Assume a notable story on a notable day in history—the lunar landing, say—was fabricated. Now assume that 400,000 to 2 million such days were concocted. You begin to get a sense of the scope of New Chronology, the "empirico-statistical" theory that much of human history is a fiction assembled to serve the powerful.
Can you recall your middle-school social studies lessons? How, at some willowy point in your 11th or 12th year, you learned that recorded history begins with the appearance of writing? There were the Mesopotamians with their cuneiform scripts; the Egyptians' hieroglyphs and demotic scrawls; and later, the Greeks and Romans, whose societies form the backbone, for better or worse, of our own—if only because they kept such meticulous records.
We have all sought and found these connections to our past—in museums, in books, in the ground. This is our inheritance. And it is ingrained in us so early, so matter-of-factly, that it permeates most of our existences without demanding critical reflection.
What if it's all bullshit?
Anatoly Timofeyevich Fomenko would like to blow your mind now, please. He will be assisted by chess grandmaster Garry Kasparov, as well as Sir Isaac Newton.
Since 1980, Fomenko, mathematician at Moscow State University and full member of Russia's prestigious Academy of Sciences, has been the leading proponent of a radical revision of human history—"an improved version of the global chronology of the Ancient Time," as he and collaborator Gleb Nosovsky put it—based on statistical and astronomical analyses.
Fomenko believes there is no reliable written record of human events before the 11th century. Most of our knowledge of earlier cultures is based on texts or copies of texts that date from after that era. From that point on, chroniclers—primarily learned religious scholars—used supposition and arbitrary consensus to fix the dates of key events in history. In doing so, they grafted recent occurrences onto earlier dates—sometimes unwittingly, sometimes perniciously—thus creating numerous "historical duplicates." History appears to repeat itself, Fomenko suggests, because it is thoroughly plagiarized.
In his chronology, the events of the New Testament precede those of the Old Testament—and in any case, most of the stories are concocted to reflect later incidents. Joan of Arc was a model for the biblical character Deborah. Jesus Christ was crucified in Constantinople in 1086. Ancient Egypt, Rome, and Greece were fashioned by Renaissance writers and artists (the time of the Pharoahs, Fomenko suggests, may have lasted into the 1700s). Aristotle instructed Alexander the Great, who was a tsar, in Moscow in the 1400s. Early English history—from the accepted names and dates to the apocryphal legends of a post-Roman King Arthur—is actually a carbon copy of Fourth Century Byzantium, which is itself a fiction based on late Medieval events.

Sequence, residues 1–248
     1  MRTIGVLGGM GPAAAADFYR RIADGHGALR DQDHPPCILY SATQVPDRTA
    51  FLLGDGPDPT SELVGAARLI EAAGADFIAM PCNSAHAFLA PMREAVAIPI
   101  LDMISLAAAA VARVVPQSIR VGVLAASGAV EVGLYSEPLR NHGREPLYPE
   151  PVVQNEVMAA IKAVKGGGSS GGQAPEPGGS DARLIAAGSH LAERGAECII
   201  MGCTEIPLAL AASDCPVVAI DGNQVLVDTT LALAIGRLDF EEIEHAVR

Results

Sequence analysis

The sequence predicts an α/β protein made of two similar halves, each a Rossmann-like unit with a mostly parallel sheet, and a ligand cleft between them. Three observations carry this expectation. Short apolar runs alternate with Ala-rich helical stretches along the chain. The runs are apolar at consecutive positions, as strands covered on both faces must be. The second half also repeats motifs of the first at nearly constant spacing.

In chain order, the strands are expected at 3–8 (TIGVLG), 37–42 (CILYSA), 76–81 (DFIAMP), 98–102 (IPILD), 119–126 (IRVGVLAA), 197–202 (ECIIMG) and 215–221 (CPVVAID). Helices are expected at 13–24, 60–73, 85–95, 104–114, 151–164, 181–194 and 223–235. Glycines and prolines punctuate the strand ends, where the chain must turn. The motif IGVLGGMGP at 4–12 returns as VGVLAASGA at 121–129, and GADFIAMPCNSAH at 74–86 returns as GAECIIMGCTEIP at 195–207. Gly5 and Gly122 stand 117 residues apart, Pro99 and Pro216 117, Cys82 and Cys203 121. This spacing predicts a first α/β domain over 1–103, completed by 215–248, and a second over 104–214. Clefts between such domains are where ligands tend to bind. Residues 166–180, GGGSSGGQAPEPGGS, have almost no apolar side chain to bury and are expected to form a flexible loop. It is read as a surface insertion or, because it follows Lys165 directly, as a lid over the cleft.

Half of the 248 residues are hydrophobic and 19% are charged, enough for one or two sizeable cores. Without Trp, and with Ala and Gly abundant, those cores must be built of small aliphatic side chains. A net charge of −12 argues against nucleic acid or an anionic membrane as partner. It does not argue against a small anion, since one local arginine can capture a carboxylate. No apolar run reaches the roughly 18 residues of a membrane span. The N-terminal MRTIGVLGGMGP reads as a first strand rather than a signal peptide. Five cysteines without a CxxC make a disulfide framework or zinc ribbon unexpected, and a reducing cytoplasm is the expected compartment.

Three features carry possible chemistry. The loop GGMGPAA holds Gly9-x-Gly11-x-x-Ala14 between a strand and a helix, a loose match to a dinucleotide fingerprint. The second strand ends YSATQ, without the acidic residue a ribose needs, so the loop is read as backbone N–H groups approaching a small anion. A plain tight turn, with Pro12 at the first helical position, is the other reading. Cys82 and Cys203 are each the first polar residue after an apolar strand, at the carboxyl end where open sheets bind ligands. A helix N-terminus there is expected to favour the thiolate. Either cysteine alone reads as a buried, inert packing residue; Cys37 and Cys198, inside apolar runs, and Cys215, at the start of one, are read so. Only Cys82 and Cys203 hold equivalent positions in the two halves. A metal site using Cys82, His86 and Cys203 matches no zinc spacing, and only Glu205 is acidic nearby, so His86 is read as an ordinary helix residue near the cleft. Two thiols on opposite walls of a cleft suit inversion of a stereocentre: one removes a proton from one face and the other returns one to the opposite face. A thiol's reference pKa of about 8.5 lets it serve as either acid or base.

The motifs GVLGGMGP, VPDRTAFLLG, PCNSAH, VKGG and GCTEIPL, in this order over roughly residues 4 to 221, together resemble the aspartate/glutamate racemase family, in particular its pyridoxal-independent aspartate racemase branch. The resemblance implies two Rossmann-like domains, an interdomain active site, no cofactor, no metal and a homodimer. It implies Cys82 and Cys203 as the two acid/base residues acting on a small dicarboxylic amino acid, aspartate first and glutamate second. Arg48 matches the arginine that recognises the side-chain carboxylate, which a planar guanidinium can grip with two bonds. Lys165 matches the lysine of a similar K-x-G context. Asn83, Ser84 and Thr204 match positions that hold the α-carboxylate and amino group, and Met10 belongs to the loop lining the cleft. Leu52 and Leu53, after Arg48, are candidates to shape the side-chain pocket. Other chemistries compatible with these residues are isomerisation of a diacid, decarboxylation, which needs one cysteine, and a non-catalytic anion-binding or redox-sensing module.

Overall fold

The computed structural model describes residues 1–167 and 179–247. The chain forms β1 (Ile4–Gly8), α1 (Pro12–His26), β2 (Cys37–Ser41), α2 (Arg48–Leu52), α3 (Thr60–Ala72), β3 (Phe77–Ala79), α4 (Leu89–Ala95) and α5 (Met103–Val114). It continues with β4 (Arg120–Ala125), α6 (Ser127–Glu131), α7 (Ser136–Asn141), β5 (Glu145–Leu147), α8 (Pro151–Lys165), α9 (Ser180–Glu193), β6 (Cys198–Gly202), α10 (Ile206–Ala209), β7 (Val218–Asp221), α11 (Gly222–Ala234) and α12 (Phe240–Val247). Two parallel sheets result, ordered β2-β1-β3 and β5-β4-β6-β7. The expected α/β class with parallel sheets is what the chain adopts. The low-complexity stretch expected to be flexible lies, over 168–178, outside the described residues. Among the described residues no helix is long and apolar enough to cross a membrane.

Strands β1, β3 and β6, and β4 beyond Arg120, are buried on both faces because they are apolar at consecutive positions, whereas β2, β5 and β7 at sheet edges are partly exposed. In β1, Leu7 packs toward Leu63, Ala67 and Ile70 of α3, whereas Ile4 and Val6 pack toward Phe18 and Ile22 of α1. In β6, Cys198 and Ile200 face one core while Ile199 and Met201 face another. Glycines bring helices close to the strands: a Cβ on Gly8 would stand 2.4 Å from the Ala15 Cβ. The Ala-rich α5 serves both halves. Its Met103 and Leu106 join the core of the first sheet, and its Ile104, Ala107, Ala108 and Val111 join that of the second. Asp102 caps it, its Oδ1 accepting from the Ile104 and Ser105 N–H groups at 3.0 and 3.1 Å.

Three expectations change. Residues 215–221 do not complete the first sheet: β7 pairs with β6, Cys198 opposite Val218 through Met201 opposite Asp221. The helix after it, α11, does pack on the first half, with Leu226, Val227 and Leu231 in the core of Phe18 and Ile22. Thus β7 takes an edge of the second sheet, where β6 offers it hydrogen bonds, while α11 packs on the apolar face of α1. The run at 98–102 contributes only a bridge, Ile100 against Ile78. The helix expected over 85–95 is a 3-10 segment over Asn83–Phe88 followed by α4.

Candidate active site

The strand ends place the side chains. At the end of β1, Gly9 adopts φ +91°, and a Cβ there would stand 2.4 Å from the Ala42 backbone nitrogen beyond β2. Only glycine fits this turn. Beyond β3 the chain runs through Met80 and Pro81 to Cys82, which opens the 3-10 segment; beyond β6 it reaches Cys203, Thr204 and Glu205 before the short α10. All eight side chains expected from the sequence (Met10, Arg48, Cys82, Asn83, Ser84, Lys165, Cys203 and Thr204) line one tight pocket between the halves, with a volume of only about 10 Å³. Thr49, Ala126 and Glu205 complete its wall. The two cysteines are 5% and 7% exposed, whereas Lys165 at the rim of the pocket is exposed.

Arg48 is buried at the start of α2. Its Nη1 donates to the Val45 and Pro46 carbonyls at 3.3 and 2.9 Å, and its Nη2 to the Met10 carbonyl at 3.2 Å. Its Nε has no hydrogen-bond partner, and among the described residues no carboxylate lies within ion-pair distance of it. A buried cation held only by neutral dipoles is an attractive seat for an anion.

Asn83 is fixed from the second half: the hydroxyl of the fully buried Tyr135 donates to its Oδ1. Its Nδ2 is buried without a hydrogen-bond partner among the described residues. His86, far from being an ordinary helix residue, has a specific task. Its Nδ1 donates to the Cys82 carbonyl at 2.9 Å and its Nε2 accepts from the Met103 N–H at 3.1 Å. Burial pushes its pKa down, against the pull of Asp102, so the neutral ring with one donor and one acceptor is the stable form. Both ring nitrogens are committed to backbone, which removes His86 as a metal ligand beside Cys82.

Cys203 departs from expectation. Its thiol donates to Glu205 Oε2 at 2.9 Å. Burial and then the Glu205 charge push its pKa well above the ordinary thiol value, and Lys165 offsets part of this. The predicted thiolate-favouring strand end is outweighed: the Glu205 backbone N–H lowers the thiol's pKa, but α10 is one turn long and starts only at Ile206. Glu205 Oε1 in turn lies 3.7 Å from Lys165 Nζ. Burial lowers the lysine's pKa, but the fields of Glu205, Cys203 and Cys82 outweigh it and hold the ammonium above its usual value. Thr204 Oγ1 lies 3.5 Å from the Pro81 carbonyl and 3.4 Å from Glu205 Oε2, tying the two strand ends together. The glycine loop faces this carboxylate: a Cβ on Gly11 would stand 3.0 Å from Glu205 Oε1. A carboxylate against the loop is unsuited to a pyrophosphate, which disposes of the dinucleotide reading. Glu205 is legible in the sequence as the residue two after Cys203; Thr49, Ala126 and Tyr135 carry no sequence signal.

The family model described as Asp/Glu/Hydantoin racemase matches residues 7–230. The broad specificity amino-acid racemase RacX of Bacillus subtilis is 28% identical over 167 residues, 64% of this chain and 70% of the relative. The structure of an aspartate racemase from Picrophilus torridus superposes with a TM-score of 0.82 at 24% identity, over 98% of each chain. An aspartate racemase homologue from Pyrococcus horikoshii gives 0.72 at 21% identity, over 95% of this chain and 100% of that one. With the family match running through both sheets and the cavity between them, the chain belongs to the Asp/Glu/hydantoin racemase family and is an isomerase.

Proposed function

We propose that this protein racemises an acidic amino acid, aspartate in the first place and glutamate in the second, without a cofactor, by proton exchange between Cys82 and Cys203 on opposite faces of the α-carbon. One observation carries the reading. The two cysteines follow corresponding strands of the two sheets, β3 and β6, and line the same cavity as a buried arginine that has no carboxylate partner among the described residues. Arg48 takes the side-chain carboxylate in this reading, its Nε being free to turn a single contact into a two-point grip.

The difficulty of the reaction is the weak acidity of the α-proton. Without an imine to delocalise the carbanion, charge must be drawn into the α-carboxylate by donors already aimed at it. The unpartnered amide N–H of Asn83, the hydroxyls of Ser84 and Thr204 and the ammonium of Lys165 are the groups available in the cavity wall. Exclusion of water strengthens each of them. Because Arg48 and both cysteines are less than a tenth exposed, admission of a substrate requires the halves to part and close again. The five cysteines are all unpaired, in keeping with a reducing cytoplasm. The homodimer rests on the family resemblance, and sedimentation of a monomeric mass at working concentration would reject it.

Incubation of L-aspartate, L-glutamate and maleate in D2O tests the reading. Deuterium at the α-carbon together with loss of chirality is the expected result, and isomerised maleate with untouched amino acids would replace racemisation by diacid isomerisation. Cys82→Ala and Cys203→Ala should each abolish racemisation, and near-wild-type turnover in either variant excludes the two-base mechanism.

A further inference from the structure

Speaking of carbon, don't bother relying on carbon dating or other "scientific" chronological methods, Fomenko says: They are premised on the "old" dating system, and hence thoroughly corrupted.
This version of events is substantiated by hard facts and logic – validated by new astronomical research and statistical analysis of ancient sources – to a greater extent than everything you may have read and heard about history before.
In short, he argues, we are Baudrillardian copies without an original. We are in a matrix with Medieval rules. These rules are explained in a seven-volume corpus by Fomenko that opens with Orwell's famous saw from 1984: "Who controls the past controls the future. Who controls the present controls the past." The late Russian social critic Alexander Zinoviev provided the foreword to this master work: "The entire history of humanity up until the XVII century is a forgery of global proportions," he wrote, "a falsification as deliberate as it is universal."
It sounds insane, and it is derided by most modern scholars as "pseudohistory." But in fact, New Chronology has a rich history of its own, with roots in the Scientific Revolution and Enlightenment—in the sincere conviction that what is real is what's demonstrable. It just so happens that much of humanity's recollection of history is shakily reconstructed and not so easily demonstrated.
Orwell's old cliché about control of the past may come as a shock to young first-time readers of 1984, but to chronologists, it's old hat. Historical chronology, wrote the German historian Dietrich Hermann Hegewisch in 1854, is necessary "to furnish a principle of order... and to promote the orderly arrangements of social life." The murkiness of humanity's timeline is an age-old problem; absent a solution, society itself cannot function. Entire religious schisms turn on how church fathers set the dates for certain biblical events. This stuff is important.
But until science became—well, a science—a certain imprecision was baked into the effort. Ancient cultures could observe the passage of time through astronomy, tracking the movements of the sun, the moon, and the stars; but how they affixed these events on a timeline varied wildly. Even within a single culture, political and religious upheavals brought new timelines. Within two millennia (according to the "old" history, the one Fomenko challenges), citizens of Rome recognized three different calendars: the Roman, the Julian, and the Gregorian. The more time passes, the more necessary it becomes for a chronicler to reconcile all of these disparities, Hegewisch said: